Boxers earning a measly N$1000 per fight

By Michael Uugwanga

PROFESSIONAL boxers in Namibia earn between N$1 000 and N$4 000 per fight despite the health risks that come with the sport such as cuts, bruises, broken teeth, dental problems, broken ribs, internal bleeding and damage to internal organs.

Confidente Sport has uncovered that boxers fighting for non-title bouts or for short rounds are mostly paid peanuts on any given fight night because the boxing regulatory body, the Namibia Professional Boxing and Wrestling Control Board (NPBWCB) Act does not protect the wellbeing of boxers but only that of promoters.

Some professional boxers who opted to remain anonymous in fear of victimisation confirmed to Confidente Sport that at times they can even pocket a mere N$700 after a fight.

The amount to be paid to a boxer is determined by the number of rounds and the title the boxers are fighting for.

For example a boxer that fights for a four-round fight takes home between N$1000 and N$3 000, being the highest amount for a four-round fight.

For a national title fight a boxer pockets roughly between N$10 000 to N$12 000 for winning such a title.

Boxers fighting for African titles can cash in as much as N 000 to N 000 depending on the amount on the table.

In South Africa, a professional boxer fighting for four rounds usually pockets more than N$6 000, while a six round fight is more than N$10 000.

To make matters worse, most of the Namibian boxers are paid in cash after a fight, unlike in other countries where by boxers are paid electronically, a more secure route.

The minimum fight for a local boxer in Namibia is usually three fights, but some boxers only fight twice depending on the availability of funds or opponent.

“My brother, in Namibia we are only fighting to boost our records. There is no money in our boxing.

Like me in my first fight I only got N$1 000 and I was fortunate to get N$3 000 for one fight after my opponent failed to show up.

“From the N$1 000 you get you will also have to deduct 30 percent (for manager etc) which means that you only go home with N$700. The national title should be at least N$15 000,” lamented one boxer.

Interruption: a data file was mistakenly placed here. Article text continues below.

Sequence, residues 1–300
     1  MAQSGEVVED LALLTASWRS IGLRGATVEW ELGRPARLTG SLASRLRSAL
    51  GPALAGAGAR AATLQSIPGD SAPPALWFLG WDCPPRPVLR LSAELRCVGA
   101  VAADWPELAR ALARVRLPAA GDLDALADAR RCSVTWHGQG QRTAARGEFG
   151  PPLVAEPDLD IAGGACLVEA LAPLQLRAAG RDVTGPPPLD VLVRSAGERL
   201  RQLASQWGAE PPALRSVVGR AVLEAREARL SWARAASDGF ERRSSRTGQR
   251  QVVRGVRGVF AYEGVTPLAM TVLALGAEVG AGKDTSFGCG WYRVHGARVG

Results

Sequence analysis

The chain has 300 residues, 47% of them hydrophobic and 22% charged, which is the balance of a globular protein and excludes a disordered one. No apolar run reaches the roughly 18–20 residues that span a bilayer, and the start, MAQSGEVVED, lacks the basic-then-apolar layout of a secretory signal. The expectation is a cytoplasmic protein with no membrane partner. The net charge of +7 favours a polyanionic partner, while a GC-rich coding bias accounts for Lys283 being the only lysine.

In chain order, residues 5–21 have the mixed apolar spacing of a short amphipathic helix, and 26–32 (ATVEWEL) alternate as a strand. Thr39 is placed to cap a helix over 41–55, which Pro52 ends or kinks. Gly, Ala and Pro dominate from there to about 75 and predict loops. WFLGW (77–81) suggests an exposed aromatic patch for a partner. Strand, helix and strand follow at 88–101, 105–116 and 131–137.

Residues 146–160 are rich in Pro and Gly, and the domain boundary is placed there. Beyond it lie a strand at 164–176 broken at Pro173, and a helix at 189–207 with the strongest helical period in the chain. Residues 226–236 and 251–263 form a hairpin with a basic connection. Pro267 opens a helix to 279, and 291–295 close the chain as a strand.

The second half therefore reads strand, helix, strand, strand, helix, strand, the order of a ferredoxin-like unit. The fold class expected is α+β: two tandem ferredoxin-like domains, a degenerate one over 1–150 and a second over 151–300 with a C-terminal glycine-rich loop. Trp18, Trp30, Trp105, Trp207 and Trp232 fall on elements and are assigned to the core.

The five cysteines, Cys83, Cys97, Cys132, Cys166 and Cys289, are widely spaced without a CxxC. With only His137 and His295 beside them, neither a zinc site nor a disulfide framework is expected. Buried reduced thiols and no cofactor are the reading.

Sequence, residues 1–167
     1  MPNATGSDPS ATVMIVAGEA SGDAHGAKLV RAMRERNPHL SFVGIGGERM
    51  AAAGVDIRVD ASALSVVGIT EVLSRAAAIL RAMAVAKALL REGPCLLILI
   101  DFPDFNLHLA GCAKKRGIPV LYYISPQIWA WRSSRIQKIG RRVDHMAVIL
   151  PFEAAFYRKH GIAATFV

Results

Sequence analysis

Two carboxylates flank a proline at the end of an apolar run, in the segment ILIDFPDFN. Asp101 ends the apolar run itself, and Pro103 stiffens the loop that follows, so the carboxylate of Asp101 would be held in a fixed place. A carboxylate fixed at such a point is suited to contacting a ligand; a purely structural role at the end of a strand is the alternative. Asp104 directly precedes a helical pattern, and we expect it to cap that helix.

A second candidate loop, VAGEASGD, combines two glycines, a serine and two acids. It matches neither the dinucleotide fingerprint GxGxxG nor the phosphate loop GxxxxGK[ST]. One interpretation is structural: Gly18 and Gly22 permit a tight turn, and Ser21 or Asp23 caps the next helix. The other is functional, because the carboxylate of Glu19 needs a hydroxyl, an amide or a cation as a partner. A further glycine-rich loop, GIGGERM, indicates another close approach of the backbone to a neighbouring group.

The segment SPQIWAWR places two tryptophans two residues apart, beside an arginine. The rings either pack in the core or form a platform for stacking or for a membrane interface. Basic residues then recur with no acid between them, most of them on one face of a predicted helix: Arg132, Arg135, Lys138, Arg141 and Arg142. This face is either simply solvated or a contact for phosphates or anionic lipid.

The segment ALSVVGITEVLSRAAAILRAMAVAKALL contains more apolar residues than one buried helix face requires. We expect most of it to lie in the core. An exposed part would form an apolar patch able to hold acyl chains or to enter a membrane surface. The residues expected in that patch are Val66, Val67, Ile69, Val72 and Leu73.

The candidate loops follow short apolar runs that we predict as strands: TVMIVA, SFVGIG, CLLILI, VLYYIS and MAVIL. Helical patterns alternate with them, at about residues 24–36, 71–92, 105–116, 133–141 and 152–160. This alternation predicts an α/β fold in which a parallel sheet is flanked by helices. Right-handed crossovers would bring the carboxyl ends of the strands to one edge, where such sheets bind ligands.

Another boxer also said that despite knowing the dangers boxing comes with, he is fighting in order for him to one day become a top boxer not only in Africa but in the world.

“I fight for N$2 000 per fight because that is what I have in my contract. I give 10 percent from that amount to my trainers and coaches. Some of us are fighting just to improve our records. The aim is to fight for bigger titles and become the best.

Another boxer also said that they even have to pay for their own medical expenses from the little earnings.

“I have to pay for my own medical expenses, as you know that at times after a fight you either have a cut or your ribs need serious medical attention. We are really suffering as boxers in this country,” he said.

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Former chief administrator at NPBWCB, Joe Kaperu also confirmed to Confidente Sport that he was aware of the little amount boxers are being paid by their promoters but said that it was not the NPBWCB’s jurisdiction to intervene in an agreement between the promoters and the boxers.

“What happens in some cases, promoters only pay the boxer as part of their agreement. At times you will find a promoter having two contracts, one is made public and the other one is hidden.  Most boxers have a big problem to address the issue with their promoters. The board does not have a regulator in place to protect the boxers,” said Kaperu.

Interim chairperson of NPBWCB, Jason ‘Tuks’ Naule also confirmed the amount boxers get per night. “Boxing is like any other business. If you are a boxer that is only starting out you have no negotiation powers until you reach a certain level,” said Naule.

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